There are three main ways you can improve the soil in a garden bed, You can use organic mulches to cover the bed, work in soil amendments or you can grow cover crops. All of these methods work well and each have their advantages but cover cropping garden beds seems to be the one people consider the least because they know the least about it. So let’s dive in and take a look at this great method for improving your soil.
What a great treat any time of the year, a mid-day snack at work, something to munch on when your out for a hike, kickin’ back relaxing by a camp fire, yep I could have a handful of sunflower seeds just about anytime. It’s even a greater satisfaction when you grow, harvest and roast your own.
Many families are changing the way they are living to pursue a lifestyle of self sufficiency and sustainability and because of that many children are being introduced to gardening for the very first time. Many are wondering about how to get their children in a self sufficient, homesteading mindset. Well here are a few tips that just might help.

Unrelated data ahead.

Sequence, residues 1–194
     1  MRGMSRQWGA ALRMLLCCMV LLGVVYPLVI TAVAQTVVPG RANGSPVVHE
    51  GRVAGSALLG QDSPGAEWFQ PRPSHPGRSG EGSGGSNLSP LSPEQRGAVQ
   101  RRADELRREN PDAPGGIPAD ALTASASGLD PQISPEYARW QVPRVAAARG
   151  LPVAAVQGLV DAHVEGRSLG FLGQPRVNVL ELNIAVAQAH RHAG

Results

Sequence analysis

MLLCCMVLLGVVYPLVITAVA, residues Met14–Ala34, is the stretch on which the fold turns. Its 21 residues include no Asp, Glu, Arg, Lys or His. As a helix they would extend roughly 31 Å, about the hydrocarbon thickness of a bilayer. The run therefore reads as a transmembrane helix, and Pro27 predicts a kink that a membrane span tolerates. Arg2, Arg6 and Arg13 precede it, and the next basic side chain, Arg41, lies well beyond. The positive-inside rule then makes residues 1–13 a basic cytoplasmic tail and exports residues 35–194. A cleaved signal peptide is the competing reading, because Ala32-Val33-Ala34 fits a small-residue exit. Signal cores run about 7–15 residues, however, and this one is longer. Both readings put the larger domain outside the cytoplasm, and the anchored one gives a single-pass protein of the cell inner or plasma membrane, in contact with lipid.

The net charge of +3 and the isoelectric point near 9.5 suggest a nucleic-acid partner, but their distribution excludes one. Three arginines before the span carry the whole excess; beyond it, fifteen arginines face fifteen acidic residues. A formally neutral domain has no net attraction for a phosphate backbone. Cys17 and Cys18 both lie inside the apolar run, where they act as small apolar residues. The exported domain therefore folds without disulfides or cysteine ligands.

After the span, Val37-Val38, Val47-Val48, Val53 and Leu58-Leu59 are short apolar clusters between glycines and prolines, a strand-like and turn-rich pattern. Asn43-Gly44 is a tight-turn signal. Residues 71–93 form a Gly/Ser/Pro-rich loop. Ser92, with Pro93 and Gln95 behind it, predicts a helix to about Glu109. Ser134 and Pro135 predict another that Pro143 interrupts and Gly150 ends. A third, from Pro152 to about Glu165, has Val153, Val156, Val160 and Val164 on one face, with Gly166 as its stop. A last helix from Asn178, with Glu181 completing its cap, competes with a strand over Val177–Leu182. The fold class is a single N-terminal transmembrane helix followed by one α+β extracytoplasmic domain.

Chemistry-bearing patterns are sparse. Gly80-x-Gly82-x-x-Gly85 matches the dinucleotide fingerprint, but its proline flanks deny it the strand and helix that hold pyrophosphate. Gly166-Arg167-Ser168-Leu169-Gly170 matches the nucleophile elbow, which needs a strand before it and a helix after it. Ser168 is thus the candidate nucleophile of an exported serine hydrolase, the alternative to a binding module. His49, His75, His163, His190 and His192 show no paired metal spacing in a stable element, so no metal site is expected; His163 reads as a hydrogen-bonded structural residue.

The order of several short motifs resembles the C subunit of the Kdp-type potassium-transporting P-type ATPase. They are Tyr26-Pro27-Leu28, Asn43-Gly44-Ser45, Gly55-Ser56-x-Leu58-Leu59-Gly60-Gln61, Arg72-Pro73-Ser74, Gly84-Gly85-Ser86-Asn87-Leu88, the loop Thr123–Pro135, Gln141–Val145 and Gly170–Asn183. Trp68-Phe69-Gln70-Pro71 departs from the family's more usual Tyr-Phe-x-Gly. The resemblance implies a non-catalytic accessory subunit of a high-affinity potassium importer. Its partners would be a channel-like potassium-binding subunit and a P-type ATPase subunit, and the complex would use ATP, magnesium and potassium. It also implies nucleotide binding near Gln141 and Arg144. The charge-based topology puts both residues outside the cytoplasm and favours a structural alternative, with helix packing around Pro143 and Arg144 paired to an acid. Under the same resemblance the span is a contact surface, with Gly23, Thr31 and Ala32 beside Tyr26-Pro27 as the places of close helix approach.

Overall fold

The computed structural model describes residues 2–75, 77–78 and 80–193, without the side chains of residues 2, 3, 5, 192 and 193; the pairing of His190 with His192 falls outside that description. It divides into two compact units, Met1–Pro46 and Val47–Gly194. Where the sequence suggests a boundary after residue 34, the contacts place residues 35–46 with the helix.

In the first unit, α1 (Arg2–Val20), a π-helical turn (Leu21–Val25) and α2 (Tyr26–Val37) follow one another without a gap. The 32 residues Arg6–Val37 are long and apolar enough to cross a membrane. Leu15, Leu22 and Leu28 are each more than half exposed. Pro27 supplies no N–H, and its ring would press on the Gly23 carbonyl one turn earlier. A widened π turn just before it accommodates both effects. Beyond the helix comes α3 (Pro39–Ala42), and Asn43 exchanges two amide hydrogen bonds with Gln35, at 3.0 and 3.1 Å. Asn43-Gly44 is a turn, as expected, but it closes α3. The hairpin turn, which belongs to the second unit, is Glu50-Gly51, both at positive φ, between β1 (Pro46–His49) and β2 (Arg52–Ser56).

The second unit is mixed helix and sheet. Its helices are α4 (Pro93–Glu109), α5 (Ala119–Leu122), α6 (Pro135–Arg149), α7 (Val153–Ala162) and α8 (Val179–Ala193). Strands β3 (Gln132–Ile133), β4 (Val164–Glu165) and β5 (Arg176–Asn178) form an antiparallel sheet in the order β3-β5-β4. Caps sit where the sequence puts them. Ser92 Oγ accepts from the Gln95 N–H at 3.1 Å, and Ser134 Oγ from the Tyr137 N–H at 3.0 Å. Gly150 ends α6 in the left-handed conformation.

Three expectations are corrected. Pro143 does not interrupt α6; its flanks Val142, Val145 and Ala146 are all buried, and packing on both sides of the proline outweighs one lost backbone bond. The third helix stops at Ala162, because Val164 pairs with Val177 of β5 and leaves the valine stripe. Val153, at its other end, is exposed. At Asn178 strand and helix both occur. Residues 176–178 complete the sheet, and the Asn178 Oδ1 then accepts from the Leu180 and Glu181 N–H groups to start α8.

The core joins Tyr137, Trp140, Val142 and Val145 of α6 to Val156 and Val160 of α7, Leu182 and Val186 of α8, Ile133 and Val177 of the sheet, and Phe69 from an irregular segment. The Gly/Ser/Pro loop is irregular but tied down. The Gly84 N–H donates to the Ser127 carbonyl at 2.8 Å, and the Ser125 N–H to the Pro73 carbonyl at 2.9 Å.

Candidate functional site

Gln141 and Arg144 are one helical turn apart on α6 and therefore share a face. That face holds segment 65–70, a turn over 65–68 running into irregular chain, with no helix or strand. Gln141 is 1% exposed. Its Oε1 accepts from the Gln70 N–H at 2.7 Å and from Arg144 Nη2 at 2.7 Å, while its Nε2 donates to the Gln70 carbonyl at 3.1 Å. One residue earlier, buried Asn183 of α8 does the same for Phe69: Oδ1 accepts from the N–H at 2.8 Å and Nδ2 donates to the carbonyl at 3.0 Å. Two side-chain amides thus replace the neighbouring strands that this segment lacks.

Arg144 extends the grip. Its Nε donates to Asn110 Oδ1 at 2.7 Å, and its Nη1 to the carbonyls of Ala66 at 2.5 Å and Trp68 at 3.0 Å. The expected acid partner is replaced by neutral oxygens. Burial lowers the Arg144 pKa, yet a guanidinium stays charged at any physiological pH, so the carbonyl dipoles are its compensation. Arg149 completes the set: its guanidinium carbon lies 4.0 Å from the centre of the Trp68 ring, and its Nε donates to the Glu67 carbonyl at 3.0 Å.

Purslane can be both a friend and a foe in the garden depending on how you use it and manage it in the garden. In order to get the most from our gardens it is not only important to understand the vegetables we are growing but to know all we can about the weeds that pop up as well and purslane is one such common weed you are likely to see.
I was rather surprised when I came across a book from 1910 in public domain today. This book seems as though it could have been written yesterday when describing the benefits and need of gardening for all people no matter where they live or what their profession is. It would seem that many of the concerns we have with unhealthy eating, poor exercise and a need for a relief of stress was also a concern in 1910.
According to the United States Census Bureau 62.7% of the population live within city limits, that’s over 203 million people. When we consider that most of those people live in homes with at least a small yard and many without yards have community gardens available to them we can begin to see the potential.
In this podcast episode I answer a question from a listener about what I would suggest they do first at their soon to be new home to turn it into a functioning homestead.